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1989 Isuzu Trooper II
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Discussion Starter · #22 ·
Finally getting around to pulling the engine out of this truck today. I hope the sorry SOB that designed this vehicle is dead and I hope he died a miserable death. That is all.
 

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Finally getting around to pulling the engine out of this truck today. I hope the sorry SOB that designed this vehicle is dead and I hope he died a miserable death. That is all.
It's a bit tight in there, eh? It's quite a chore to get the intake manifold off without removing the head from the rig. You can do that, just remove intake/head/exhaust man as a unit. With that assy removed, the block is a bit "easier" to remove.

You'll need to drop the small stamped-steel oil pan at the bottom and then the oil pump screen will still drag on the x-member on the way out. I put a Ziploc bag over my 2.3's screen when I pulled it.

You can get more clearance at the x-member by dropping the entire front diff frame mount. (2) large bolts per side that go up into the frame. If your rig isn't too rusty, you can probably bust those loose and then the frame/diff/suspension will sag down a few inches and I'd expect the screen wouldn't drag.

It's what I had to do when working on the GM V6, because there was Less Than Zero clearance there when pulling the engine out, and the trans input shaft destroyed the fingers on the old clutch pressure plate. Not a problem going out, but couldn't have that destruction on the way in. Dropping the front diff gave plenty of clearance for the GM oil pan and to get the input shaft properly stabbed into the clutch.

AFAIK, BTW, the only way to get the intake man itself removed while still installed in the engine bay, is to pull the upper half and then the bolts holding the lower half on are more accessible.

HTH & Have Fun!..........ed
 
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1989 Isuzu Trooper II
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Discussion Starter · #24 ·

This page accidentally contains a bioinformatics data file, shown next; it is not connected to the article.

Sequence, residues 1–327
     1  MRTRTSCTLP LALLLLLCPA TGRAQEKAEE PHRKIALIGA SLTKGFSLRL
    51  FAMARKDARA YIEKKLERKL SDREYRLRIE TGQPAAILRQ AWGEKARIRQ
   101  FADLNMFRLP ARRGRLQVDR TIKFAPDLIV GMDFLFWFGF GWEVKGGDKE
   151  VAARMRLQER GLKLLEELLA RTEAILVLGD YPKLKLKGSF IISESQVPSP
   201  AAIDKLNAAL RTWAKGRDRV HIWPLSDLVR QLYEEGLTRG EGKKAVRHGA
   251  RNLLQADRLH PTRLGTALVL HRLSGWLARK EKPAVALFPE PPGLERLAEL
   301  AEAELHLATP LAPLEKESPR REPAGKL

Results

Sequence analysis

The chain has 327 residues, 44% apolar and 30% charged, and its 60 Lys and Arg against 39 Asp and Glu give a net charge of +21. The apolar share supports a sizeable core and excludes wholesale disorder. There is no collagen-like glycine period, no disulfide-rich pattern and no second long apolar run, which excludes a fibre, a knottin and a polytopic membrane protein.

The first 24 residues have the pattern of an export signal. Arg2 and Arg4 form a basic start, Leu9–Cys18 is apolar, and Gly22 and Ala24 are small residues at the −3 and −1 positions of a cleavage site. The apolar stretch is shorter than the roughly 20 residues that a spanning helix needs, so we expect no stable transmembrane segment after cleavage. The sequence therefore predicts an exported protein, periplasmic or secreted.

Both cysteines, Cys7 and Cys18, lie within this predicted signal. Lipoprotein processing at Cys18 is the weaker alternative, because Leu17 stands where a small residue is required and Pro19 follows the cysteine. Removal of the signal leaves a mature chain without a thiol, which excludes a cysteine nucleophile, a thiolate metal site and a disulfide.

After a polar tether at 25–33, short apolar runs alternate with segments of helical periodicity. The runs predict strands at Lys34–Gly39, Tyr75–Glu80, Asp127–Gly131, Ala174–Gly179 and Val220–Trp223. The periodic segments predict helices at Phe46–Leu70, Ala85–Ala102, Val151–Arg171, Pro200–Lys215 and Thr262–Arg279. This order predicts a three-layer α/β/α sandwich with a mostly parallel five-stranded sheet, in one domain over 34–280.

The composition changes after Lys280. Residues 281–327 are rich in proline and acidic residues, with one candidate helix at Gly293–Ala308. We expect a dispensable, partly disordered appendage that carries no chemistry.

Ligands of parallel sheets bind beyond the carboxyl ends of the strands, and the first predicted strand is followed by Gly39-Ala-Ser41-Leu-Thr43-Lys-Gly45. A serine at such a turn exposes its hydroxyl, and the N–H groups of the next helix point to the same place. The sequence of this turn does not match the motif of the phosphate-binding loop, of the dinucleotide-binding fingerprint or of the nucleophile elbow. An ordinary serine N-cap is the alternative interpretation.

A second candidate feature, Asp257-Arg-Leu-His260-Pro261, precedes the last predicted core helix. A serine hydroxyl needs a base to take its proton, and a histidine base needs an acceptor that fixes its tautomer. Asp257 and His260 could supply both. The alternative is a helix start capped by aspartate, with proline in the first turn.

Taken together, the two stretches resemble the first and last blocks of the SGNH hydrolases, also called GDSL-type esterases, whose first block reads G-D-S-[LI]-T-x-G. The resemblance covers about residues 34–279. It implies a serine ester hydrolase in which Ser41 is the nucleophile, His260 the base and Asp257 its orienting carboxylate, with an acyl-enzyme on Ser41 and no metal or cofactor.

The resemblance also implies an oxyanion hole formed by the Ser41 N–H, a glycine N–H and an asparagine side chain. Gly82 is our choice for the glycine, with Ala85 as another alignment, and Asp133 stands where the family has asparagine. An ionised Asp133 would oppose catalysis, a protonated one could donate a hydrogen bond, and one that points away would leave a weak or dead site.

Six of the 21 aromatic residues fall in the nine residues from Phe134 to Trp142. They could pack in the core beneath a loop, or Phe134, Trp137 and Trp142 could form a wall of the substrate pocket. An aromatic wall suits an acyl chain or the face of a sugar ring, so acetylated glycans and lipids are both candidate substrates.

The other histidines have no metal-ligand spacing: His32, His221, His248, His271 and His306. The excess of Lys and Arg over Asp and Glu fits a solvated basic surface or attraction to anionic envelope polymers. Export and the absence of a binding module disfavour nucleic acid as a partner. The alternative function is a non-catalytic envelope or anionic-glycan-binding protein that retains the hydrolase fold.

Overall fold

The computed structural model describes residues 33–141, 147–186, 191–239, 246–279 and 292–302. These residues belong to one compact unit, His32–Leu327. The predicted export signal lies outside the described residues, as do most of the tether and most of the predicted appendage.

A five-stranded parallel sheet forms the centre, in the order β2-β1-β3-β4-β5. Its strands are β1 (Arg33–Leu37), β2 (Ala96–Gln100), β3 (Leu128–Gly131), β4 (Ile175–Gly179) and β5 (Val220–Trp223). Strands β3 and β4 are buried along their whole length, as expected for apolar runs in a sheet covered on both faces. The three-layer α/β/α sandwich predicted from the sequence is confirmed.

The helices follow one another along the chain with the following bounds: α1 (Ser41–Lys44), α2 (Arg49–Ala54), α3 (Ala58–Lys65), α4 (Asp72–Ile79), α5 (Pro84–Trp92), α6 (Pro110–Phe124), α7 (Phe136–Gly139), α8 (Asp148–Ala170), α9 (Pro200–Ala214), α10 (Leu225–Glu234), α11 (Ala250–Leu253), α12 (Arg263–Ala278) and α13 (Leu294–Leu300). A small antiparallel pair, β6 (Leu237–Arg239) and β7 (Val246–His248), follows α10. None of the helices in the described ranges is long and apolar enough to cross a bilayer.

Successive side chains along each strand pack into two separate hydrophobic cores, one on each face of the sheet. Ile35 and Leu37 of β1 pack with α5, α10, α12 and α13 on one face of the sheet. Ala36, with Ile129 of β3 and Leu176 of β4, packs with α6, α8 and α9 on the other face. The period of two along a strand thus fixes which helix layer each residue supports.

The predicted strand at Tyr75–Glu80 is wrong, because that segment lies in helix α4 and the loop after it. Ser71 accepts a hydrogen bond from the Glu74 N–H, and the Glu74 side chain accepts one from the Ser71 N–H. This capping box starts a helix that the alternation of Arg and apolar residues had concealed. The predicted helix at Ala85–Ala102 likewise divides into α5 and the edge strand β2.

I pulled the engine out whole, but I dropped the front differential. It took about two minutes to do that. My main complaint is the fact that a 100 hp engine had 12 bolts in the bell housing. Absolutely ridiculous. Every single day on this planet there’s 1000 hp V8 engines somewhere going down a dragstrip with six bolts in the bell housing.

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this center bolt at the top of the bell housing is the one that really threw me for a loop. It is absolutely not visible from any angle and to add insult to injury there is a heater hose pipe that is clamped underneath of this bolt that also blocks head on access to the bolt from the rear. I ended up having to completely remove the motor mounts from the frame so that the engine would drop down low enough for me to be able to get in there on it with a long extension from behind after I bent the heater hose pipe all hell. I was ready to punch a baby by the time I got this thing out.

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1989 Isuzu Trooper II
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Discussion Starter · #25 ·
Today I am going to explore the possibility of putting a small block Chevrolet in this. I believe that it will be a fairly straightforward retrofit. The transmission in this thing looks like something out of a school bus. I have no doubt that it will handle a small displacement small block Chevrolet without any issue. I have a 307 out of a 68 chevelle that would be a prime candidate. I’ll put a TPI setup on it.
 

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1989 Isuzu Trooper II
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Discussion Starter · #26 ·
Bout as bad as it gets…

This is between three and four

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And this is between one and two

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I also like how they included an automatic detonation device in each combustion chamber…

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